Consumers look for claims beyond cleansing in Asia-Pacific soap, bath and shower market

Consumers look for claims beyond cleansing in Asia-Pacific soap, bath and shower market

September 25, 2023
4 min read

The Asia-Pacific (APAC) soap, bath, and shower (SBS) market is positively recovering from the impact of the pandemic and the market is expected to regain its momentum in the next two years.

Consumers are now looking for products that offer more than just cleansing.

Cater to specific skin issues

In China, one in five consumers say they would pay more for shower products that solve specific skin issues. A similar amount of Indian consumers who don’t use SBS products often say they would consider using those that contain facial care ingredients. Upcycling is of particular interest to the Asian market. In South Korea, 37% of consumers have heard of and are aware of upcycled ingredients. Upcycled ingredients can support sustainable SBS routines, which consumers want according to Mintel Trend Hungry Planet.

Siita Monceau Body Wash claims to be the world’s first product with 100% upcycled fragrance. It claims to transform unused and shunned eucalyptus, rose, cedarwood and labdanum into a captivating scent through liposome technology. The brand also uses a biodegradable bottle and communicates to consumers that 0.71 litres of water and 0.02 trees are saved when every product is purchased.

Siita Monceau Body Wash (South Korea); Source: Siita

Product claims for skin sensitivity are not yet mainstream in the SBS category. But the for-sensitive-skin claim has the potential to become established like it has in facial care, along with other rising claims such as dermatologically tested and hypoallergenic.

Address body odour claims

Another benefit that could be explored is body odour control. SBS products with body odour claims account for only 4% of SBS launches in APAC, compared to 2% respectively in Europe and North America, according to Mintel Global New Products Database (GNPD). However, APAC consumers are concerned with their body odour and are looking for SBS products that use new technologies to control it. In Japan, three in five consumers are not happy with their body odour.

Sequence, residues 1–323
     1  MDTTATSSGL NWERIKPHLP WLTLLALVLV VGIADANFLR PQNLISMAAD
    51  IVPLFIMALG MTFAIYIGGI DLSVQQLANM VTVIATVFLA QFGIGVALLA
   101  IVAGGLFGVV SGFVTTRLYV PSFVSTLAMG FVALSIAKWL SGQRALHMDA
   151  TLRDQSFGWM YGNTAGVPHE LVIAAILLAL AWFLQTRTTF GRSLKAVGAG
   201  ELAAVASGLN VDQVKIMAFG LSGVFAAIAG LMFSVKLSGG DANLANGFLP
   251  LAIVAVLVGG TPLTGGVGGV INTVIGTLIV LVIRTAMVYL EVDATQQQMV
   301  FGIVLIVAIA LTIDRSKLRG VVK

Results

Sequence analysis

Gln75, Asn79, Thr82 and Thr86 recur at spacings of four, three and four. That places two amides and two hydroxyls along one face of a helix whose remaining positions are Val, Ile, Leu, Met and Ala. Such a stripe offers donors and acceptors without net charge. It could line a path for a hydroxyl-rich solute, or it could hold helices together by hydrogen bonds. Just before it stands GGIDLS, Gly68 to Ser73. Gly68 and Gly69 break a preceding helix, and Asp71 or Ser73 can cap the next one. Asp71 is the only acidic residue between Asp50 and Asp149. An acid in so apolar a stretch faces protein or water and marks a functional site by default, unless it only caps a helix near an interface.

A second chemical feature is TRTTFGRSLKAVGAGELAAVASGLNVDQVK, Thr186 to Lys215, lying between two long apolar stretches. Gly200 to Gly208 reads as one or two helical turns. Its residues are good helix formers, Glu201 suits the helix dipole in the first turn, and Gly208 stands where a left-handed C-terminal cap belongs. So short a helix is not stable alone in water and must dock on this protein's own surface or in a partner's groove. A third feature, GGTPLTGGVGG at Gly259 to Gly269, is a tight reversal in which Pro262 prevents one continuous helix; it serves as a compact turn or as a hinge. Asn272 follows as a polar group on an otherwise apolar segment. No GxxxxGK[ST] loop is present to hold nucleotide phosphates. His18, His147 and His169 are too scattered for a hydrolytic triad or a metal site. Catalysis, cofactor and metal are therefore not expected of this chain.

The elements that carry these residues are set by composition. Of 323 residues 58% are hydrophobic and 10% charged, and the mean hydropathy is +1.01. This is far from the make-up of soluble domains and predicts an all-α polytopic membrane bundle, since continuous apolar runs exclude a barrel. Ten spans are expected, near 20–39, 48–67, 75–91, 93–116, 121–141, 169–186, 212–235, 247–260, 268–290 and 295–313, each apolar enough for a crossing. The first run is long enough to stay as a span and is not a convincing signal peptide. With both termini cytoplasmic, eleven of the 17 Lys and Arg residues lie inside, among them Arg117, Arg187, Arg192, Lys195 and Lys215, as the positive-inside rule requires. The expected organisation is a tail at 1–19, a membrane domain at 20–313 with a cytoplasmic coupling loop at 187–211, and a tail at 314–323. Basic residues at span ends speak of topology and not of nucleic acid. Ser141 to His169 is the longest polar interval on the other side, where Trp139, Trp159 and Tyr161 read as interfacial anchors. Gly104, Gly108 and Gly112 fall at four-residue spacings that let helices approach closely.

As explored in Mintel’s 2023 Beauty and Personal Care Trend ‘Evolved Self-Care’, women’s wellness, including period and intimate care, have become acceptable topics. Thus, SBS brands can explore going beyond just intimate care for women.

Look into local ingredient sourcing

Ingredients are a very important consideration when people shop for SBS products. In Thailand, over half of consumers consider the ingredients when purchasing a facial cleanser. SBS brands have been introducing popular facial care ingredients like hyaluronate and ceramide in their products. Other ingredients that could appeal to customers are vitamin C and cica. According to Mintel research into the overarching themes that drive consumer behaviour trends,  the use of local ingredients is very popular in the global BPC industry but it still has to gain ground in the APAC SBS market.

SBS brands must enrich ingredient stories and pay homage to communities by using local ingredients. In India, SBS brands use Ayurvedic ingredients but that is not common in the SBS market.

Refilling, recycling, and upcycling, as part of ethics and sustainability, are expected of companies that manufacture and market beauty and personal care products. Ethics and sustainability are important factors for the growth of the global beauty and personal care industry.

However, APAC consumers have other motivations for purchasing ethical SBS products. In Japan, 38% of consumers consider buying products with recycling claims if they are cheaper than regular products. Over a third of SBS launches in this market have refillable claims.

APAC consumers are also drawn to new products with Community Fair Trade recycled plastic, 100% post-consumer recycled (PCR) plastic and reusable pump claims.

What we think

SBS brands are encouraged to engage consumers with innovative technology that tackles body odour as part of one’s daily personal care routine. They should also prioritise women’s health issues and innovate in this space.

For specialised solutions that address skin issues that consumers face daily, brands must highlight skin-beneficial ingredients in communication and feature ingredient stories that show respect for communities by using local ingredients.

Ethically conscious consumers will be drawn to brands with new refill concepts that are convenient and affordable. Through these concepts, brands have the opportunity to offer new consumer experiences.

If you are interested in learning more about this topic, please contact us today.

Hwa Jun Lee
Hwa Jun Lee

Hwa Jun is a Principal Analyst for Beauty and Personal Care at Mintel, based in Seoul. With 15 years of experience as a formulation scientist, he specializes in beauty and personal care formulation and product development. His extensive experience includes roles as a formulation scientist at both Amorepacific and Kimberly-Clark.

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